Skip to content

LumiThera Inc., (Seattle, Washington) shows trial data on photo-biomodulation (PBT) for the treatment of dry AMD.

LumiThera Inc., based in Seattle, WA has showed summary trial data on photo-biomodulation, termed “LIGHTSITE II” study, conducted by a multi-centre clinical trial in dry age-related macular degeneration (AMD).  The photo-biomodulation (PBM) device is aimed to activate mitochondrial respiratory chain components resulting “in stabilization of metabolic function and initiation of a signalling cascade, which promotes cellular proliferation and cytoprotection”, according to the company.  The medical device (termed as their Valeda Light Delivery System) has developed a CE mark to use wavelengths of light in the far red to near infrared spectrum (590, 660 and 850 nm) to modulate biologic function through direct and indirect cellular effects on mitochondrial respiratory chain components. PBM activation “of photo-acceptors in the mitochondria improves generation of adenosine triphosphate (ATP), modulates the production of intracellular signalling molecules such as reactive-oxygen species (ROS) and nitric oxide (NO), and triggers secondary effects that produce sustained changes in cell function and viability”.


According to the sponsor, the study provided a prospective, double-masked, randomized, multi-centre clinical trial, conducted at ten leading US retinal centres. The objective was to treat non-neovascular (dry) AMD subjects with PBM every four months for a duration of 24 months. One hundred (100) subjects were enrolled in a 2:1 ratio of PBM to sham in the treatment groups using a modified intent to treat population. The mean age was 75 years and mean dry AMD duration since diagnosis was 4.9 years prior to trial enrollment. Baseline best corrected visual acuity (BCVA) letter scores observed were a mean + SEM of 69.4 + 0.8 and 70.1 + 0.7 in the sham and PBM treatment groups, respectively. In brief, trial results demonstrated statistically significant improvement in the prespecified primary endpoint in BCVA at 13 months in the PBM treatment group over the sham-treatment group (p = 0.02). While a peer-reviewed publication may not be published to date, the company’s results indicated a sustained mean increase in ETDRS letter score of ~5.5 letters from baseline,seen at a 13-month timepoint with the PBM-treated subjects (p < 0.0001). In the PBM treatment group responders, 55% of the subjects showed a >5 letter improvement on the standard EDTRS eye chart with a mean of 9.7 letters and 26% achieved a >10 letter improvement with a mean of 12.8 letters.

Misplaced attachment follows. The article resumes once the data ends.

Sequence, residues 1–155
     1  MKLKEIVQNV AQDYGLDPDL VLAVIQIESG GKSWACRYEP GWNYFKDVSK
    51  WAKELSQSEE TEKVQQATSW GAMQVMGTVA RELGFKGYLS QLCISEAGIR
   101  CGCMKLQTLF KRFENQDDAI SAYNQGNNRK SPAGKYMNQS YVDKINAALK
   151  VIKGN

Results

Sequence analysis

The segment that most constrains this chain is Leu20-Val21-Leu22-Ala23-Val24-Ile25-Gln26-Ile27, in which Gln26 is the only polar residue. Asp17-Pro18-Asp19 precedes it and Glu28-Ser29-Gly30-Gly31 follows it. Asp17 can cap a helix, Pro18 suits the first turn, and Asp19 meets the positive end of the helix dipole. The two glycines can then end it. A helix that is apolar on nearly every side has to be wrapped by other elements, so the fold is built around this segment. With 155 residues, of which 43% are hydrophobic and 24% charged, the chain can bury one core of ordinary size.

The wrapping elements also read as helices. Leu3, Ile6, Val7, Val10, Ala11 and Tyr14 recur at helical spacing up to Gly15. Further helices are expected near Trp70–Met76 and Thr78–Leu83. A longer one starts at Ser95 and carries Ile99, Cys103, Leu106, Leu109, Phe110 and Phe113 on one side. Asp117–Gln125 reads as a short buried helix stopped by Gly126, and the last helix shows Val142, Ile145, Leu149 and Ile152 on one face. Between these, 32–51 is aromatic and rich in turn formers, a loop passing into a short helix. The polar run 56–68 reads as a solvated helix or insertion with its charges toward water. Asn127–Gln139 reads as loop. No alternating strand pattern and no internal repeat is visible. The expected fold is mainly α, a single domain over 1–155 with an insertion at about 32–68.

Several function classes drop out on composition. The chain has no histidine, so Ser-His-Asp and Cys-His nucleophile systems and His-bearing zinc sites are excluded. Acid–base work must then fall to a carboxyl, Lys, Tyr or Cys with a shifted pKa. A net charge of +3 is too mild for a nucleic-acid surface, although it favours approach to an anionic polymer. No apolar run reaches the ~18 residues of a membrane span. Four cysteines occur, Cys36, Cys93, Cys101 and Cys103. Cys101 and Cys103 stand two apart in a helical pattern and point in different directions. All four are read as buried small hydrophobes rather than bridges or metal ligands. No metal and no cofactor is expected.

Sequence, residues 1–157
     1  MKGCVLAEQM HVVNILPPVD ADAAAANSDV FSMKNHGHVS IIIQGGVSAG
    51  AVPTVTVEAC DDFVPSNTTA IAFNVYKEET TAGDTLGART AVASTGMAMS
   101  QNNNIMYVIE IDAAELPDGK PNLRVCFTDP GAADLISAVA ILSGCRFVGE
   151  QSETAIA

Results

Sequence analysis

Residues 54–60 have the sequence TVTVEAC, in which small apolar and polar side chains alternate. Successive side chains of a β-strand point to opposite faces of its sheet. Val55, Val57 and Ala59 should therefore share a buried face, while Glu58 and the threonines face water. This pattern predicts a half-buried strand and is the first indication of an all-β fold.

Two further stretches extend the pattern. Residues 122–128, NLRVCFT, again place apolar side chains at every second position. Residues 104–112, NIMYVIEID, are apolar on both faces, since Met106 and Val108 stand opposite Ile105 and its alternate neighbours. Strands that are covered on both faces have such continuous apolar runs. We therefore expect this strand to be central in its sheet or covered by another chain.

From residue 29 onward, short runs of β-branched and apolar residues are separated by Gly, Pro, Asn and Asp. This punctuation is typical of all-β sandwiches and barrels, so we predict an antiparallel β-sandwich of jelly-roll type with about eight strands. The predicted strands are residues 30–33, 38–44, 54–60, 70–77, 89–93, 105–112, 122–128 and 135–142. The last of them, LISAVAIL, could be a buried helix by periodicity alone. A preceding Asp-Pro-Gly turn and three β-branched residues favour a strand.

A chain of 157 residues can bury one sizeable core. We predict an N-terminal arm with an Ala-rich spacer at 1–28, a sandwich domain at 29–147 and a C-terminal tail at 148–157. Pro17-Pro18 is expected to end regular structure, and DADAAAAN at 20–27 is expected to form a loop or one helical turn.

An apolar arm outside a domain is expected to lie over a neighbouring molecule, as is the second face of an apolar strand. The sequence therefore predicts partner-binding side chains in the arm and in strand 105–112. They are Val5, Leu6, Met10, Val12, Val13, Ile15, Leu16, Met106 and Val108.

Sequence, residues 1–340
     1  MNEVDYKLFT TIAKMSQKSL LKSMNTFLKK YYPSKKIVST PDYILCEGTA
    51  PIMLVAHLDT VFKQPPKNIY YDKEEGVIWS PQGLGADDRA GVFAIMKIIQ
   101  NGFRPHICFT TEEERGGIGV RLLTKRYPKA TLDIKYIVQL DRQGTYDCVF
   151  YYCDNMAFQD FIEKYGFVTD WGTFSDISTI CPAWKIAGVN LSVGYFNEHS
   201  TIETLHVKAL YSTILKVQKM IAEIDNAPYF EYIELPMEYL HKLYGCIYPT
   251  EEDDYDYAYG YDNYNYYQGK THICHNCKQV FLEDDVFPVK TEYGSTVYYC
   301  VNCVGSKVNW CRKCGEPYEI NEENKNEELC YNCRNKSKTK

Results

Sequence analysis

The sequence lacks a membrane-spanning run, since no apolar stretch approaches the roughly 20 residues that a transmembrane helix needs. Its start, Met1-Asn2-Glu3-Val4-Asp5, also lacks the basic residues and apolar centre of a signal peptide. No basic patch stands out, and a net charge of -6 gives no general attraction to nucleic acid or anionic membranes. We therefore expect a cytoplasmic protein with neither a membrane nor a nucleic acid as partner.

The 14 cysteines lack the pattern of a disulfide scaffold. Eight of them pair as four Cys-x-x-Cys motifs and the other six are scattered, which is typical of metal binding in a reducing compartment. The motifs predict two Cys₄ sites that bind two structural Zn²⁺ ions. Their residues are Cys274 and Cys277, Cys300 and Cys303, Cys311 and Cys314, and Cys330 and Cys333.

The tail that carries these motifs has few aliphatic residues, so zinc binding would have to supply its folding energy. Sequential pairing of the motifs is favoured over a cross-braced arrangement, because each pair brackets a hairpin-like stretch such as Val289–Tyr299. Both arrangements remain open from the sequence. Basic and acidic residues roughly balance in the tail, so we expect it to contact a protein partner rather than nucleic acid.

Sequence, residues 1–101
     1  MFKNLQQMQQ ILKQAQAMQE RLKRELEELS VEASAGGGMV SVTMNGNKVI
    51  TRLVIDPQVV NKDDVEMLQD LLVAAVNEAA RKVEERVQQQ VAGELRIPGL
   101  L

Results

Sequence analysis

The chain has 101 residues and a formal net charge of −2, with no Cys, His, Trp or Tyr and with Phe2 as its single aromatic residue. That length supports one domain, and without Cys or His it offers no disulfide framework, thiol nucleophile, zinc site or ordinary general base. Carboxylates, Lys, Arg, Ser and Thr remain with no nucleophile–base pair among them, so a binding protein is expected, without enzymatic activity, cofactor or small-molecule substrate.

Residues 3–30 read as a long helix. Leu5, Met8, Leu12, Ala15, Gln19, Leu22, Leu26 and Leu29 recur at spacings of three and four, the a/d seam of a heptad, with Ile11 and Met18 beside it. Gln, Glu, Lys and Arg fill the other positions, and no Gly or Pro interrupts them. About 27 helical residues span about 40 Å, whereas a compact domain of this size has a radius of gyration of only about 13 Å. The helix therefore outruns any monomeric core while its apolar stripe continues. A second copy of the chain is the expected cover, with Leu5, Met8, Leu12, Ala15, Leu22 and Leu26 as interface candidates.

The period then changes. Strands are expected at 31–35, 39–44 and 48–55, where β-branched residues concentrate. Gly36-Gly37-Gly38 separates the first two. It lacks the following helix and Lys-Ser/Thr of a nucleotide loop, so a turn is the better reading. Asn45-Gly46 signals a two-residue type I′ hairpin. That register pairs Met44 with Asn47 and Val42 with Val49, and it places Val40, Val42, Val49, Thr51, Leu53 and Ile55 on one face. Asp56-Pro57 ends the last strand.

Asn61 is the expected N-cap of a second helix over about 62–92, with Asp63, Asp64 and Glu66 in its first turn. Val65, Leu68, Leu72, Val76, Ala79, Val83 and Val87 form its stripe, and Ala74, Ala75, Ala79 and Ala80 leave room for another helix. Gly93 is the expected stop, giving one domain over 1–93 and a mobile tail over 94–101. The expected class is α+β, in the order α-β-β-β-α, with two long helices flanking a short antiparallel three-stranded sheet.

Following the achievement, Diana Do, MD, and Quan Dong Nguyen, MD, MSc, FARVO, Professors of Ophthalmology and members of the Retina Division at the Byers Eye Institute at Stanford University, a clinical site for the LIGHTSITE III trial, stated that, “[t]he subjects had good starting vision with approximately 70% having between 20/32 to 20/40 vision. Study subjects were only enrolled in the study if their vision was 20/32 to 20/100 and no evidence of GA in the central macula.  Moreover, Glenn Jaffe, MD, Robert Machemer Professor of Ophthalmology; Chief, Vitreoretinal Division and Director, Duke Reading Center, the central imaging center for the LIGHTSITE III study, also commented that, “[o]verall, the clinical results show improvements in vision; what is further interesting is the lack of drusen deposit in the PBM treated group, and potentially less patient conversions to wet form of disease. Patient progression to new GA was also evaluated and was less in the PBM group, and while the new GA progression numbers are small in this study group, all outcomes point in favour for PBM as a novel approach to treat dry AMD patients earlier in disease.”